Alexander: CBO Says Alexander-Murray Bill Will Put Rebates in Americans’ Wallets, Will Not Bailout Insurance Companies
Posted on October 25, 2017
WASHINGTON, Oct. 25, 2017 — United States Senator Lamar Alexander (R-Tenn.) today, in remarks on the Senate floor, announced the nonpartisan Congressional Budget Office finds his bipartisan stabilization bill with Senator Patty Murray (D-Wash.) will benefit taxpayers and consumers—not insurance companies.
“The president has said repeatedly, Senator Murray has said repeatedly, I have said repeatedly the Alexander-Murray short term, bipartisan plan to reduce premiums and avoid chaos must not bail out insurance companies,” Alexander said. “We've written language to make sure it does not. Now the Congressional Budget Office says it does not.”
He added: “The Alexander-Murray proposal would reduce the federal deficit by $3.8 billion. Not only does it not cost anything, it saves the taxpayer money.”
On benefits going to patients:
“We have language in our proposal to make sure that benefits go to consumers and to taxpayers and not to insurance companies, and we asked the Congressional Budget Office to review that, and this is what they said: ‘CBO and JCT expect that insurers in almost all areas of the country would be required to issue some form of rebate to individuals and the federal government.’ Let me say that again. This is the nonpartisan Congressional Budget Office talking about the Alexander-Murray proposal cosponsored by a total of 24 senators-- 12 Republicans, 12 Democrats—saying: ‘CBO and JCT expect that insurers in almost all areas of the country would be required to issue some form of rebate to individuals and the federal government.’:
“So the Congressional Budget Office has found that our proposal benefits taxpayers and benefits consumers, not insurance companies. The specific benefit to the taxpayers is $3.1 billion. The exact benefit to consumers isn't determined yet because that will be state by state.”
On benefits going to taxpayers:
“This is what the Congressional Budget Office said. ‘On net, the CBO and the staff of the Joint Committee on Taxation estimate that implementing the legislation would reduce the deficit by $3.8 billion over the 2018 to 2027 period relative to CBO’s baseline.’
“In other words, the Alexander-Murray proposal would reduce federal spending by $3.8 billion. Not only does it not cost anything, it saves the taxpayer money.”
On new plan choices:
“There is a provision in the bill for a catastrophic plan. That is a new insurance plan for people over the age of 29 that would have lower premiums and higher deductibles, but it would allow people to afford an insurance policy so a medical catastrophe didn't turn into a financial catastrophe.
“CBO estimates that ‘making catastrophic plans part of a single risk pool would slightly lower premiums for other non-group plans because the people who enroll in catastrophic plans tend to be healthier on average than other non-group market enrollees.’ A major objective, I think, of all of us is to attract more young, healthy people into the pool as a way of lowering rates for everybody.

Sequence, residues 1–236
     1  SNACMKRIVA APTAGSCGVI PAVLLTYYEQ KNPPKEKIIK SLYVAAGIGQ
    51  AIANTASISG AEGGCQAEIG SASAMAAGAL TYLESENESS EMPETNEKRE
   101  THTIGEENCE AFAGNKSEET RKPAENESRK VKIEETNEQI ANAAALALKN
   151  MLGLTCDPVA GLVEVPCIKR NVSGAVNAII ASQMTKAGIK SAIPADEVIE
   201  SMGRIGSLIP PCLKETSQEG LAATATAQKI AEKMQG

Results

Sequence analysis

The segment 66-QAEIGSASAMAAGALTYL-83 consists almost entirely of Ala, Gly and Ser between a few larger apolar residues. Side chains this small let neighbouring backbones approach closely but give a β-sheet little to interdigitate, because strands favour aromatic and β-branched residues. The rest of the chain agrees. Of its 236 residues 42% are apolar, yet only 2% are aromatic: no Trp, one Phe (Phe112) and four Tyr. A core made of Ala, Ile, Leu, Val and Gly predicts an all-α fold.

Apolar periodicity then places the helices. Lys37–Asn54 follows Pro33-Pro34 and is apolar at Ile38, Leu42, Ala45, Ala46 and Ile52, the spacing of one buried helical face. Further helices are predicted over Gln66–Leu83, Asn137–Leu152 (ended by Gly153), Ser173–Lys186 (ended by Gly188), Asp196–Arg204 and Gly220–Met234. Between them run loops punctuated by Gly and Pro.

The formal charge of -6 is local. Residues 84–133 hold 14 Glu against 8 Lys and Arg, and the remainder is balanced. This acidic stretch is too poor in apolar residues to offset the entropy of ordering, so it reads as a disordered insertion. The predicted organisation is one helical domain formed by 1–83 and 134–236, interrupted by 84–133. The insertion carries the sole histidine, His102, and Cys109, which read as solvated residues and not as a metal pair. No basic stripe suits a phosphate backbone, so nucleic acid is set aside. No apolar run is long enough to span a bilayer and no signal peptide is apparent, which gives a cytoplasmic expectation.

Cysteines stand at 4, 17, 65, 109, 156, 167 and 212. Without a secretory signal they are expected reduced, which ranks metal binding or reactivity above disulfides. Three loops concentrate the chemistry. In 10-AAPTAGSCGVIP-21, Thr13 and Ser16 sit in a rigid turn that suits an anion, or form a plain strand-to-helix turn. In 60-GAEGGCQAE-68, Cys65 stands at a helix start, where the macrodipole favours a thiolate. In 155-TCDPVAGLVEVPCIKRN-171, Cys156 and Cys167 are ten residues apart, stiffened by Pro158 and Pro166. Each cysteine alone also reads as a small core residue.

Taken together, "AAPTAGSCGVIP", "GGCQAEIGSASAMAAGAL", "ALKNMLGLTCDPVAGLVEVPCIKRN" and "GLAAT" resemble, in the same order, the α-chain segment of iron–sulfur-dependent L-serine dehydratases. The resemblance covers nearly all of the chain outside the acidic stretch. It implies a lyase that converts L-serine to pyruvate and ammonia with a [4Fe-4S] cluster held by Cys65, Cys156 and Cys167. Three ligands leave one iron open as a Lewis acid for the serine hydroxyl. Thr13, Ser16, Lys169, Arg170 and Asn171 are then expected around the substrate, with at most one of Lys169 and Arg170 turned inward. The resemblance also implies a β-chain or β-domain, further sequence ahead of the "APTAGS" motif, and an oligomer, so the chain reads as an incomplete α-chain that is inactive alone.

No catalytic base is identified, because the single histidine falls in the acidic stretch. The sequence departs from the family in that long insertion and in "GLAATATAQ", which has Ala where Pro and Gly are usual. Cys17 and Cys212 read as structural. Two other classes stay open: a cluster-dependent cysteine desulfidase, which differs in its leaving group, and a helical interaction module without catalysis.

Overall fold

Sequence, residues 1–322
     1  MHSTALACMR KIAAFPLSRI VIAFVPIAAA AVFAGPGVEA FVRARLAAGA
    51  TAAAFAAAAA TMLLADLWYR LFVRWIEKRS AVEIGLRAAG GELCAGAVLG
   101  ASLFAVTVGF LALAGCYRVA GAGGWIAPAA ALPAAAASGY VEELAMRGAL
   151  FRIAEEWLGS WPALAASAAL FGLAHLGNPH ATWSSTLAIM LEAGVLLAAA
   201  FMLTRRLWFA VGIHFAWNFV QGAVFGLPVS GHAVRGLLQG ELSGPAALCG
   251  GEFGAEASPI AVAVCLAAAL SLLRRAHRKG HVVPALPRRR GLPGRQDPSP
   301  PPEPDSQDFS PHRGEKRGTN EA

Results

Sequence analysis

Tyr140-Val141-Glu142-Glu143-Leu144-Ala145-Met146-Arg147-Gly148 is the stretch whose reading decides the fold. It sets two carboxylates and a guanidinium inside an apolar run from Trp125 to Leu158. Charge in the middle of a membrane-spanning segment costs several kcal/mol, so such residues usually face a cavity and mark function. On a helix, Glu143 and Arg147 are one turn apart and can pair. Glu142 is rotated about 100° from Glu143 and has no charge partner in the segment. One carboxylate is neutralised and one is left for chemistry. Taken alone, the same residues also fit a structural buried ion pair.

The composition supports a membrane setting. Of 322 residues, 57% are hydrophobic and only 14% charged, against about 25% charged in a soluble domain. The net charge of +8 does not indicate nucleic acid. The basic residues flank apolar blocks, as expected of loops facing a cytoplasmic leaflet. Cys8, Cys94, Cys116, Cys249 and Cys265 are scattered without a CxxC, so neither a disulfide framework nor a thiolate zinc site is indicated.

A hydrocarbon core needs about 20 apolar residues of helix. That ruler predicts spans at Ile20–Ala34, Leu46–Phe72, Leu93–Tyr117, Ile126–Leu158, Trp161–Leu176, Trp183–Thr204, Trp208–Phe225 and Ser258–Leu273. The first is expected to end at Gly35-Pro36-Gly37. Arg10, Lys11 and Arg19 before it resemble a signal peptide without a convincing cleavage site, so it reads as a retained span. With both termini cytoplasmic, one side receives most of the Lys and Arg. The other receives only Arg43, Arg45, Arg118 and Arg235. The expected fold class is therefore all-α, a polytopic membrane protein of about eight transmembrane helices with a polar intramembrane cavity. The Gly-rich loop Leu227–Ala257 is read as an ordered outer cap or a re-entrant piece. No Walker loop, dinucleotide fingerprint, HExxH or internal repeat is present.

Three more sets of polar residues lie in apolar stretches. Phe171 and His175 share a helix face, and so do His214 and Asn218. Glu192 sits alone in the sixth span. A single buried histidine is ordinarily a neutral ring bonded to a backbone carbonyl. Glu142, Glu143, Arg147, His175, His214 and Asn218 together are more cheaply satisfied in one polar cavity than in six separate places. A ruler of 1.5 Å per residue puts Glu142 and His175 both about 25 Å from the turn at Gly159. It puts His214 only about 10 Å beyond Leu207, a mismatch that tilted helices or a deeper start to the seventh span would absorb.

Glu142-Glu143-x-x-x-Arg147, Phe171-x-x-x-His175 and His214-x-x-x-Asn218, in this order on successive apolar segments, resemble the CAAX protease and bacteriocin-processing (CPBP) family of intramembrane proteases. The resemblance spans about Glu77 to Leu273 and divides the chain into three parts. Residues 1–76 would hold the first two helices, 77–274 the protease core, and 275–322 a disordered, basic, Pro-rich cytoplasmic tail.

“As a result of the slightly lower estimated premiums, CBO and JCT expect that federal costs for subsidies purchased through marketplaces established under the Affordable Care Act would decline by about $1.1 billion over 2018-2027.
“The bill is cosponsored by 12 Republican senators and 12 Democratic senators -- not many pieces of legislation come to the floor with that support. And the reason we accelerated work on it was that President Trump called me and asked me to work with Senator Murray to try to develop such a proposal. Now it's being considered by the president, by the House of Representatives, by other members of this body.
“It does not bail out insurance companies. It does benefit consumers. It does benefit taxpayers to the tune of $3.8 billion. That's very important information. I'm encouraged by the president's comment yesterday. He thanked me at our luncheon for working in a bipartisan way on this. I’m encouraged that Senator Hatch and Kevin Brady have introduced a bill recognizing the importance of continuing cost-sharing.
“The ball is in the hands of the White House right now. They have our recommendation. They made some suggestions, that’s the normal legislative process.
“I'm hopeful that something that has this kind of analysis-- that it doesn't bail out insurance companies, that avoids a big increase to the federal debt, that makes certain that people will be able to buy insurance for the next couple of years, that begins to lower premiums that almost all Democrats want and that Republicans in the House have all voted for once this year when they voted for their repeal and replace bill-- that sounds like something that might become law before the end of the year. And I believe the sooner the better.”